After the fall of Clarendon, Tyringham served on the inquiries into the miscarriages of the war and the sale of Dunkirk. ‘A handsome, civil and well-bred gentleman’, and the last heir male of his ancient family, he did not attempt to extricate himself from his financial difficulties by reducing his expenditure. He maintained a coach and six contrary to statute and obtained protection from his creditors by a post at Court. Control of the ancestral estate passed to Edward Backwell, whose son later married Tyringham’s daughter. Sir Thomas Osborne included him in 1669 among those who had usually voted for supply. In his only tellership, on 10 Apr. 1671, he opposed a proviso to prevent malicious and vexatious informations to the bill imposing a duty on legal proceedings. He was given an excise pension of £300 p.a. in 1675, and assigned to Osborne (now Lord Treasurer Danby) in the working lists. His reliability as a government supporter was apparently in doubt in 1676, though Sir Richard Wiseman intended to obtain from him an introduction to his absentee colleague, Sir William Bowyer Shaftesbury marked him ‘doubly vile’ in 1677, and his name appeared on the court list of government supporters in 1678. On 1 June, he complained of the distraint of one of his coach horses, but privilege was denied when breach of the statute was proved. Although he was not blacklisted in the ‘unanimous club’, he is unlikely to have stood again, and was buried at Tyringham on 6 Aug. 1685.7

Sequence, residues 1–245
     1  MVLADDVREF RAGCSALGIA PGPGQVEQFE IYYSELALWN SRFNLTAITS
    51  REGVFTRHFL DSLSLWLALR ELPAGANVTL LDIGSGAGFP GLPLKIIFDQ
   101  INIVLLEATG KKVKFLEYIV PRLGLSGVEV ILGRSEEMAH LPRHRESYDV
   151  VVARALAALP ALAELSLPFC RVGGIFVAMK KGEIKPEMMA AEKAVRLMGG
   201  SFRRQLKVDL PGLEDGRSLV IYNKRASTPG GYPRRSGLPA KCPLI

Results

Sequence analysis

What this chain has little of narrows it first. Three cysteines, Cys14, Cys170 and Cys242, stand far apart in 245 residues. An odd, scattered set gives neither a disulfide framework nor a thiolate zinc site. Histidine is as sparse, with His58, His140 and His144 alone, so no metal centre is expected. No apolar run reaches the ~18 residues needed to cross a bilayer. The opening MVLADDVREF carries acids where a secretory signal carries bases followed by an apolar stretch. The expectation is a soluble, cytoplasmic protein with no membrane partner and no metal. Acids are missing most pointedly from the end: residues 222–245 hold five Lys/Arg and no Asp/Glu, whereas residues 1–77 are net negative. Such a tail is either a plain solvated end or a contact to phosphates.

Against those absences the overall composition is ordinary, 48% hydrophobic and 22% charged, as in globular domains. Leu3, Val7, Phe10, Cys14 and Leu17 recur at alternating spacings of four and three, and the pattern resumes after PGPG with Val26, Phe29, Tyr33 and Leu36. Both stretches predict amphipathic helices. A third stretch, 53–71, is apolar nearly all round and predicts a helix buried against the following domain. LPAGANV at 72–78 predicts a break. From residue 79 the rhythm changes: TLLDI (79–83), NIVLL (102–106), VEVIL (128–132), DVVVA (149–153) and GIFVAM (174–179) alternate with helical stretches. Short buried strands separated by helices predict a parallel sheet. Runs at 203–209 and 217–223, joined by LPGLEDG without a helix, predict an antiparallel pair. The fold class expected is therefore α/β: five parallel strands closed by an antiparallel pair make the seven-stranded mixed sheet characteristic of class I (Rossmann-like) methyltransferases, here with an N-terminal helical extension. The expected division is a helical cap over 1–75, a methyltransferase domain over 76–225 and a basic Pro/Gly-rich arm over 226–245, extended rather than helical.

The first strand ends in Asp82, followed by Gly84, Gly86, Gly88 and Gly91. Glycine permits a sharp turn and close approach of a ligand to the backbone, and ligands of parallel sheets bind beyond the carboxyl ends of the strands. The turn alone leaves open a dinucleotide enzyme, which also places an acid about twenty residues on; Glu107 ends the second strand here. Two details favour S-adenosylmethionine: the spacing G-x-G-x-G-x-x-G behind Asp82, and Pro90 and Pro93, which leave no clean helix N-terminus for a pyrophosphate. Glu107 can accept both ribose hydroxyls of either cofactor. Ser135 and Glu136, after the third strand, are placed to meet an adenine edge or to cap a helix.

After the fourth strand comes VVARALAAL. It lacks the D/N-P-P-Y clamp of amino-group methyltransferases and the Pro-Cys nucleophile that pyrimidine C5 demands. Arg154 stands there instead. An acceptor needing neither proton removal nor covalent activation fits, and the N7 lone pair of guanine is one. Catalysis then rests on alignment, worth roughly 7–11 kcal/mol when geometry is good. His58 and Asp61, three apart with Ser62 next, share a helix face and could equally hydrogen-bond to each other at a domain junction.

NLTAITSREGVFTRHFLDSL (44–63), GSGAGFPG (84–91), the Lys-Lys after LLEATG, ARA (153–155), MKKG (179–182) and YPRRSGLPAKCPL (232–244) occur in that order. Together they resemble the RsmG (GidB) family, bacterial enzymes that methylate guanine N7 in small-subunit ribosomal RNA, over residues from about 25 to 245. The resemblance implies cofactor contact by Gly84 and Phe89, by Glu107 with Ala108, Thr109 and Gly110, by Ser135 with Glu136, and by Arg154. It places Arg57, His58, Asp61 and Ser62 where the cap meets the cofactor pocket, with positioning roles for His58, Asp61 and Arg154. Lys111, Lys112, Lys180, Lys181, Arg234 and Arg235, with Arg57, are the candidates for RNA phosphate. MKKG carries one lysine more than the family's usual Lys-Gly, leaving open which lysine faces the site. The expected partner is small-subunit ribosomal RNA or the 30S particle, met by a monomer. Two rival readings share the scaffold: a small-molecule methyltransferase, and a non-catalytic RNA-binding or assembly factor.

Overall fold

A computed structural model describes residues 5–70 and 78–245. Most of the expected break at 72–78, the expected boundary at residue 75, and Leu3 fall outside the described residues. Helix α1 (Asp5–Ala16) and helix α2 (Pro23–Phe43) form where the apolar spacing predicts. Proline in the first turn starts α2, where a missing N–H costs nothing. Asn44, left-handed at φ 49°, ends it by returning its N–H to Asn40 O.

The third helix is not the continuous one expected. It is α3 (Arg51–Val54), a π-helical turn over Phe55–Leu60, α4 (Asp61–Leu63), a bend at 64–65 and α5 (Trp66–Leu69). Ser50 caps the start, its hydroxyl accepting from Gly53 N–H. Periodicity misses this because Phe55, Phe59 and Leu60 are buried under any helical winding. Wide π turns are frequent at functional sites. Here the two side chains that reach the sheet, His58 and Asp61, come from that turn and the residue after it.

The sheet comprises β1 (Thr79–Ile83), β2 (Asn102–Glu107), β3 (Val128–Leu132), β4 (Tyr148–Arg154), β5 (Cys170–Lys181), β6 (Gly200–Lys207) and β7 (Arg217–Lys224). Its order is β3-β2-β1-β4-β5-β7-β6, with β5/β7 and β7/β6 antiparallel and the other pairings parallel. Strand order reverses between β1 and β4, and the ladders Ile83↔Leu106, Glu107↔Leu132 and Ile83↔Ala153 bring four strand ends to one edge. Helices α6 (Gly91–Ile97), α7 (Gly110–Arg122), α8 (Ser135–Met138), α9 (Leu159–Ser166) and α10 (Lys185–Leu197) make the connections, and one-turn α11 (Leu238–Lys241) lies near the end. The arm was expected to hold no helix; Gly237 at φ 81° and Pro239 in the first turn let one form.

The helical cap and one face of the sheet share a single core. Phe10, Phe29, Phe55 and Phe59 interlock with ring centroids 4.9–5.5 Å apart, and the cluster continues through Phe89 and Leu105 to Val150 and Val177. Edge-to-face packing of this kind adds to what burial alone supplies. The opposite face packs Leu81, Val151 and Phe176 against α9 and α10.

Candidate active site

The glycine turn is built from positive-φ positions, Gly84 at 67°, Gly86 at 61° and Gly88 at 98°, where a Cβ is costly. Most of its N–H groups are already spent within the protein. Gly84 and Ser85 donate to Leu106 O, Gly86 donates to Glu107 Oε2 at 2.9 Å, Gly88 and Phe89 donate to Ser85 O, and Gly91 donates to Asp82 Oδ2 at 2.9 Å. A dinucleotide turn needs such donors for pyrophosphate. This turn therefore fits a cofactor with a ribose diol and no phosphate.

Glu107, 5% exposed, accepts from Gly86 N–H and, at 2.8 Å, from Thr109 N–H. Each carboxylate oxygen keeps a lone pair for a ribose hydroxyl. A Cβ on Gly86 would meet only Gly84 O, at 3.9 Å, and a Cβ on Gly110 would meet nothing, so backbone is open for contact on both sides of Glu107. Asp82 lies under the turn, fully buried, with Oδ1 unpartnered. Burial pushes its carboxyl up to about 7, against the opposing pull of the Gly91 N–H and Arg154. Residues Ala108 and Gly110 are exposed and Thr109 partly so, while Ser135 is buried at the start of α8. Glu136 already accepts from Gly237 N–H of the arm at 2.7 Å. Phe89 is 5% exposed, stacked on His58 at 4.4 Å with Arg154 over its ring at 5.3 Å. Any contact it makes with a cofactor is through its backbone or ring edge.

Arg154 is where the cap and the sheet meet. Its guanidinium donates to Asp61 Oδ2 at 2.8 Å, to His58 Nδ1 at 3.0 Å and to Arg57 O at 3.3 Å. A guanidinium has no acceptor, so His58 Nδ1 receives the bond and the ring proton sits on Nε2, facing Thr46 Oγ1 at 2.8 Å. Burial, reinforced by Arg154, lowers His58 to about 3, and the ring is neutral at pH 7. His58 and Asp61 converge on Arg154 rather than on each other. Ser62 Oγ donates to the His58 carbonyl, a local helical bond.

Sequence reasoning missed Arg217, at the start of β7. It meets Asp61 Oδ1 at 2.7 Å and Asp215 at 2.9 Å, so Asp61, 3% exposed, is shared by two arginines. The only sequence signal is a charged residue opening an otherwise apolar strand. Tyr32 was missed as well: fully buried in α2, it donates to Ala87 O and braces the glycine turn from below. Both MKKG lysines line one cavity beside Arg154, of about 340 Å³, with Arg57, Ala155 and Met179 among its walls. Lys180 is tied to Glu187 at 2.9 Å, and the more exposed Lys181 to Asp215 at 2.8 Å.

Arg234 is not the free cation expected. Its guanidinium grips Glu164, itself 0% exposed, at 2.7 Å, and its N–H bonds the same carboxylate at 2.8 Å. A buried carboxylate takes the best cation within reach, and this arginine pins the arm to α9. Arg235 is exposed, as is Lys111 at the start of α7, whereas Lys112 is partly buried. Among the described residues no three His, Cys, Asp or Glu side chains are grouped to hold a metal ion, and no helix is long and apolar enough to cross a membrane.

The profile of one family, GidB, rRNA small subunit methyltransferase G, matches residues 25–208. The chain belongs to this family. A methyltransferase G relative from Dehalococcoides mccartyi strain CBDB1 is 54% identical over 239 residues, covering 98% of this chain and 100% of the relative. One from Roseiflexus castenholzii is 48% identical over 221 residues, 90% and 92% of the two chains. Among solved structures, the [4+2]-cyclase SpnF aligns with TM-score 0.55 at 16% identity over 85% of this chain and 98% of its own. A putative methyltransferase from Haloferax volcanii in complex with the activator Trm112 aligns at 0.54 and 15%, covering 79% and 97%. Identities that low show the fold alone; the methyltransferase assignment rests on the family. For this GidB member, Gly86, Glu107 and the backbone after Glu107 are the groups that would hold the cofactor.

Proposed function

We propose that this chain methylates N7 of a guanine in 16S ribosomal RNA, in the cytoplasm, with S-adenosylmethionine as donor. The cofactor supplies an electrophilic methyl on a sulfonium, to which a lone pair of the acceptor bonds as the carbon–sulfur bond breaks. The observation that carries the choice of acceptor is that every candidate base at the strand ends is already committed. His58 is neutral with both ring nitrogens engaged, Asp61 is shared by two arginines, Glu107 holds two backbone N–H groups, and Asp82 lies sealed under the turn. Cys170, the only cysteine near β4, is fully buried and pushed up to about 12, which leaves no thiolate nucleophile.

Ref Volumes: 1660-1690

Authors: M. W. Helms / Leonard Naylor / Geoffrey Jaggar


  • 1. St. Martin in the Fields (Harl. Soc. Reg. xxv), 53; Lipscomb, Bucks. iv. 374; Burke, Gentry (1952), 2575; Putney Par. Reg. (Surrey Par. Reg. Soc. ii), 46; PCC 245 Grey; VCH Bucks. iv. 483.
  • 2. Hector Brit. (Cam. Soc. ser. 3, xviii), 75; Jnl. Army Hist. Res. iv. 196; List of Officers Claiming (1663), 133.
  • 3. Huntington Lib. Stowe mss, 2/452; S. Wells, Drainage of Bedford Level, i. 456-9.
  • 4. Carlisle, Privy Chamber, 182, 197.
  • 5. Lipscomb, iv. 373; Cal. Comm. Comp. 935-6; Surr. Arch. Colls. xiv. 189; CSP Dom. 1658-9, p. 93; 1659-60, pp. 112, 125; D. Underdown, Royalist Conspiracy, 266.
  • 6. BL M636/17, Smith to Verney, 27 Dec. 1660; CJ, viii. 429, 430.
  • 7. Hector Brit. 75; Grey, vi. 92; VCH Bucks. iv. 483; CJ, ix. 486, 491, 496; Lipscomb, iv. 37.